• Memorial to Confederate Soldiers - Baltimore, Maryland. Mount Royal Avenue.
  • Memorial to Robert E. Lee and Stonewall Jackson - Baltimore, Maryland. In the western side of The Dell, Charles Village, near the Baltimore Museum of Art.
  • Rockville [Confederate] Civil War Monument - Rockville, Maryland. The monument sits on the side of the courthouse in downtown Rockville. The statue faces south. The pedestal reads "To our heroes of Montgomery Co Maryland. That we through life may not forget to love the thin gray line." Date Installed or Dedicated: 01/01/1913 [21]




  • Confederate Memorial Fountain, Helena, Montana

North Carolina[edit]


See the List of Confederate monuments at Gettysburg[27]

  • Gettysburg Battlefield is the site of several Confederate monuments erected between 1884 and 1982 to honor the dead of specific units or states[28]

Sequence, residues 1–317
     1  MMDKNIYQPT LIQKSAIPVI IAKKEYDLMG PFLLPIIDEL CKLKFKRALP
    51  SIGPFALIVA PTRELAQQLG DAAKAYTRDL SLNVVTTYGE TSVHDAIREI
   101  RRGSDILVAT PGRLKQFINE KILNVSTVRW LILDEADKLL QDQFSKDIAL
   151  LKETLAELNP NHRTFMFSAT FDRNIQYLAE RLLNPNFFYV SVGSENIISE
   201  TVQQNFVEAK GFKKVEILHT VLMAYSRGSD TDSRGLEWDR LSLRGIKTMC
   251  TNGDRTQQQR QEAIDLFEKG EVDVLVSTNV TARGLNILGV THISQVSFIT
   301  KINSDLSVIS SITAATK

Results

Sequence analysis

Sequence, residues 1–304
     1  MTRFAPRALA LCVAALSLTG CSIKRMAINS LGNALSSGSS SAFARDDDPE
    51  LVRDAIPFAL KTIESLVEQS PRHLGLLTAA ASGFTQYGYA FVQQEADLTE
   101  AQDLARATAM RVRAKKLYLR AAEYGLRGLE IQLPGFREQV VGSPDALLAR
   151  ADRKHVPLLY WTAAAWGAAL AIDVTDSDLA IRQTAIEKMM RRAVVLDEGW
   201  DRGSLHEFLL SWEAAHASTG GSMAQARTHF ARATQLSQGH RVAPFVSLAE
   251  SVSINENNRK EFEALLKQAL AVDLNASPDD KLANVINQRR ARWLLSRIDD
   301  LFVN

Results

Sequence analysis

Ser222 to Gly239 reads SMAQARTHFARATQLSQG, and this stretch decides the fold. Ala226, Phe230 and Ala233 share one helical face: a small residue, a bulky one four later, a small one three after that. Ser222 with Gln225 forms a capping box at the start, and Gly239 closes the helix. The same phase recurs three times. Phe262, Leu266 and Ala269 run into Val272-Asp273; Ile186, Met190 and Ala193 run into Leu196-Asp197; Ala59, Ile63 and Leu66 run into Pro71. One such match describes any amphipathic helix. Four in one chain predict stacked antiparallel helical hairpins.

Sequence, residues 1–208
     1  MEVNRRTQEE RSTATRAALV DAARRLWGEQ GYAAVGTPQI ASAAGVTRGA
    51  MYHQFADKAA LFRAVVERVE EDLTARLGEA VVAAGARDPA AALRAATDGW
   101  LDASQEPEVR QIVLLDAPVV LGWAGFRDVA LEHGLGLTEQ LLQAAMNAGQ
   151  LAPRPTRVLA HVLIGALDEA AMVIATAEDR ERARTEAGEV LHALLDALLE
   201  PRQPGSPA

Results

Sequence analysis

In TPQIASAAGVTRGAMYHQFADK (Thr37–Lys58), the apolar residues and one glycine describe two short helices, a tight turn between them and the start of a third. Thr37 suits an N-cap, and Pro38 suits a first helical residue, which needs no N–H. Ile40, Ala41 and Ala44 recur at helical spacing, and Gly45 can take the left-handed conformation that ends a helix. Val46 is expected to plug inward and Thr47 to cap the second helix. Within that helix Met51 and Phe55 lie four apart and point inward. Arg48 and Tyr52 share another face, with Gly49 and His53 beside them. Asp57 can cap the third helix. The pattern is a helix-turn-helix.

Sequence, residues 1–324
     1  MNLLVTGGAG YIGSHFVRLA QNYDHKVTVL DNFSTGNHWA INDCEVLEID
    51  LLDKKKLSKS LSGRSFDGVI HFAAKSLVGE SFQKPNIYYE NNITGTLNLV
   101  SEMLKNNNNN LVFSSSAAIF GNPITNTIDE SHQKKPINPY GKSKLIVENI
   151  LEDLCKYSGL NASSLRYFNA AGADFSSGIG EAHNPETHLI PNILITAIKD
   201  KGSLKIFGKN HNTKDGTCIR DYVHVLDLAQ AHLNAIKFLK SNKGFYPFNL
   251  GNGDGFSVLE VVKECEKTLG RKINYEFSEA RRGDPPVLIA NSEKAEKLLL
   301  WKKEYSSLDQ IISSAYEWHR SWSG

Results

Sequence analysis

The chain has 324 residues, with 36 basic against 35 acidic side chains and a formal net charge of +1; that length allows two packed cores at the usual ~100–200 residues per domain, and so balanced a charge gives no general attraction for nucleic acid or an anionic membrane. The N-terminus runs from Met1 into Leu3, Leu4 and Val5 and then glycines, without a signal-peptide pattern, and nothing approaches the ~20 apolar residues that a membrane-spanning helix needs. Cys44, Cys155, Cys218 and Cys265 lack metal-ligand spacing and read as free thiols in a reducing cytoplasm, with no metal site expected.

South Carolina[edit]



  • Confederate Soldiers Monument, Texas State Capitol, Austin, Texas; erected beginning 1903[29]
  • Confederate War Memorial, Dallas, Texas. Originally erected in City Park in 1897, but relocated to Pioneer Park Cemetery in 1961 due to highway construction.[30]
  • Confederate Soldiers' Monument, Denton, Texas: dedicated June 3, 1918, located on the south lawn of the Denton County Courthouse [31]


Arlington National Cemetery

West Virginia[edit]


Jimmy Carter at Confederado monument
In 1972, Georgia Governor Jimmy Carter visited the confederate monument in Americana, São Paulo, Brazil.
  • In 1865, at the end of the American Civil War, a substantial number of Southerners left the South; many moved to other parts of the United States, such as the American West, but a few left the country entirely. The most popular country of Southerners emigration was Brazil.[33] These emigrants were known as Confederados. A Confederate monument was placed in Americana, São Paulo, Brazil.

See also[edit]


  1. ^ a b Civil War Monuments, Tennessee Encyclopedia of History and Culture
  2. ^ David N. Wiggins (2006), Georgia's Confederate Monuments and Cemeteries, Arcadia Press.
  3. ^ a b Confederate Monument in Forsyth Park, City of Savannah website, accessed April 24, 2010
  4. ^ United Daughters of the Confederacy Alabama Division (ALUDC), Encyclopedia of Alabama
  5. ^ Ladies' Memorial Associations and The Lost Cause, Encyclopedia of Virginia